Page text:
The Shopify API is a set of programming interfaces that allow developers to access and modify data in a Shopify store. The API enables developers to create custom solutions and integrations that interact with a store’s data, such as products, orders, customers, and more.
Using the Shopify API, developers can build custom applications, plugins, and integrations that extend the functionality of a Shopify store. For example, you can use the API to create a custom storefront, build a custom inventory management system, or integrate a store with other business systems.
To use the Shopify API, you need to create a private app in your Shopify store and obtain an API key and password. You can then use these credentials to authenticate your API requests and access the store’s data.
The Shopify API uses REST (Representational State Transfer) and GraphQL (a query language for APIs) as the primary methods of interacting with the API. The API is accessible via HTTP and requires secure connections (HTTPS) for all requests.
There are many resources available to help developers get started with the Shopify API, including documentation, tutorials, and support forums.
Shopify Inc. is a Canadian multinational e-commerce company headquartered in Ottawa, Ontario. It is also the name of its proprietary e-commerce platform for online stores and retail point-of-sale systems. Shopify offers online retailers a suite of services including payments, marketing, shipping and customer engagement tools.
The Shopify API allows developers to create applications for Shopify online stores and then sell them on the Shopify App Store.
REST Admin Shopify API reference
- Access APIs — View and manage the access that has been granted to you by merchants.
- Analytics APIs — Provide a merchant with detailed reports to help them analyze how their business is performing.
- Billing APIs — Get paid for your app by collecting a one-time charge, a fixed monthly fee, or a variable monthly fee based on usage.
- Customer APIs — Help merchants manage their customer data.
- Deprecated API calls — Retrieve deprecated API calls made by the authenticated private app in the past 30 days.
- Discount APIs — Help merchants to offer flexible discounts.
- Event APIs — Fetch event data or register webhooks to keep your app synced with the merchant store.
- Inventory APIs — Manage inventory levels across multiple locations.
- MarketingEvent — Create or update marketing events to track activity associated with a merchant’s marketing campaigns.
- Metafield — Add metadata to store resources.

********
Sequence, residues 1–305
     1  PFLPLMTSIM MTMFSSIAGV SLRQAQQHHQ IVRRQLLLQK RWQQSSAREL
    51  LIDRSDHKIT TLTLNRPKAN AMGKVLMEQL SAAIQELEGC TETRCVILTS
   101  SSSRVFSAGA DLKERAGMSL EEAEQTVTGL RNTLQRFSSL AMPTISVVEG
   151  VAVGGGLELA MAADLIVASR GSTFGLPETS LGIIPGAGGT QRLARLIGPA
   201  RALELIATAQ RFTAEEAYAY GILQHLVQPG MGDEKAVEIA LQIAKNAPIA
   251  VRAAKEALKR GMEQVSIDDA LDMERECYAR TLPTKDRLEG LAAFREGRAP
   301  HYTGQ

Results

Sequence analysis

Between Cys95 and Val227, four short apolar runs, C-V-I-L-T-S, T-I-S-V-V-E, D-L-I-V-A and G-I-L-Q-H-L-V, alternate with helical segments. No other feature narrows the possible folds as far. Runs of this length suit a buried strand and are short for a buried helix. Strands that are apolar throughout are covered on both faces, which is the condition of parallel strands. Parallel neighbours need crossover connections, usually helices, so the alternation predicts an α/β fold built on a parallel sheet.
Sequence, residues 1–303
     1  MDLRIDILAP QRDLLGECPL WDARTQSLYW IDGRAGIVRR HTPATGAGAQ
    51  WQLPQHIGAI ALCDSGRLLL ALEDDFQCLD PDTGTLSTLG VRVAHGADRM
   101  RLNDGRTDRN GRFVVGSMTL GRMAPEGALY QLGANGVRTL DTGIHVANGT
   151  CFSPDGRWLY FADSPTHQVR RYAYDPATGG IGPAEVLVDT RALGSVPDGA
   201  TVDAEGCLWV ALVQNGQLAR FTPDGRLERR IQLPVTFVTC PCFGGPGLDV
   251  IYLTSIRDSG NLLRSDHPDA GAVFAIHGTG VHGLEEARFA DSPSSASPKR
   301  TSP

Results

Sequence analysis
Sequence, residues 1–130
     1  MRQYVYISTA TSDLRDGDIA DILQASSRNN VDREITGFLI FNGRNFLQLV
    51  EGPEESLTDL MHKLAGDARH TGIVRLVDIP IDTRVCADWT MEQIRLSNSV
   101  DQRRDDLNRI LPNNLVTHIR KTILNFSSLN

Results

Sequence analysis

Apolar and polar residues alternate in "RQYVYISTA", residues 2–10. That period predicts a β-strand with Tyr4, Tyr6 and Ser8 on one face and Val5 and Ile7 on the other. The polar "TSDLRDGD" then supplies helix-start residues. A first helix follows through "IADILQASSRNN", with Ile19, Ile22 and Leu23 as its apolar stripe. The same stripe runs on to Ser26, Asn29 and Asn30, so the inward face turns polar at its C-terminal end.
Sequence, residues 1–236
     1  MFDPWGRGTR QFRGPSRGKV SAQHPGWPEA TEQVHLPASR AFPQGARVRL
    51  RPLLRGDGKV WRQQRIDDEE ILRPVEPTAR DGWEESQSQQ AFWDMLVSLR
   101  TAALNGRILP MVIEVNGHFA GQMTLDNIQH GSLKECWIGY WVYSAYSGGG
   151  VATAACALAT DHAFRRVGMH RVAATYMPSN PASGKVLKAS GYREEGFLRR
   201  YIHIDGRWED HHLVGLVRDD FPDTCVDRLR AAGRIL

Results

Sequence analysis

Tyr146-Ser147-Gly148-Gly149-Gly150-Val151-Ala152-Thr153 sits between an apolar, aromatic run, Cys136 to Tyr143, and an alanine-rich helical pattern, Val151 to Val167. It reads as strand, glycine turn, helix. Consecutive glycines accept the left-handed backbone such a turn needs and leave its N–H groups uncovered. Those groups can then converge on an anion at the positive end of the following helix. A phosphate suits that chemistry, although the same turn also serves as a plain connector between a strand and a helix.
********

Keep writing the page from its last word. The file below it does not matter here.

- Online store APIs — Update a merchant’s online storefront and its content.
- Order APIs — Give merchants new ways to receive, process, and manage their orders.
- Plus APIs — Create custom functionality for high GMV merchants using APIs exclusive to Shopify Plus.
- Product APIs — Access and manipulate a store’s catalog using product and collection APIs.
- Sales channel APIs — Create your own sales channel. Your sales channel might be a mobile app, a website, or an online marketplace.
- Shipping and fulfillment APIs — Show custom shipping rates at checkout, or register your app as a store’s fulfillment service and then manage its fulfillments.
- Shopify Payments APIs — The Shopify Payments API lets you access information about a merchant’s Shopify Payments account.
- Store property APIs — Manage a store’s configuration.
- TenderTransaction — Retrieve tender transactions for your shop. Tender transactions represent transactions that modify the shop’s balance.
Why Choose Wix Over Shopify API For Your E-Store
New to e-Commerce? Everybody is setting up shop in the cloud nowadays. However, building an e-store is not an easy feat. In fact, website builders have come a long way from the old code-driven ones.
Today, powerful drag-and-drop web builders can take care of every detail for you. They can even manage the SEO. The two top builders are Wix.com and Shopify. In this post, we’ll compare their e-commerce features and see which is better and easier to use. Read on to learn more.
- Very user-friendly interface.
- Over 500 templates with eye-catching designs.
- Highly customizable.
- Cost-effective plans for e-commerce.
- Advanced e-commerce tools, including global shipping payments and abandoned cart emails.
- Strong brand focus.
- Multilingual sites.
- 24/7 support.
- Best suited for small and medium scale businesses.
- Built-in e-commerce features, such as Abandoned Cart Recovery.
- Wide range of payment options, including e-wallets such as PayPal and Stripe.
- Live chat support.
- Complex pricing scheme that can easily go beyond your budget.
- Add-ons, apps, and themes only available to premium tiers.
Ease of Use
- Let’s face it, ease of use is the core of Wix’s business model.
- A drag-and-drop interface, making building your online store an intuitive experience. The only thing you need to do is to click on an element and drag it where you want it.
- It’s easy to add products and create new categories.
- The editing interface and dashboard are separate so you can manage your products even when you’re not in your site.
- Shopify keeps its editing interface and dashboard separate, which allows you to manage your store outside of your editor.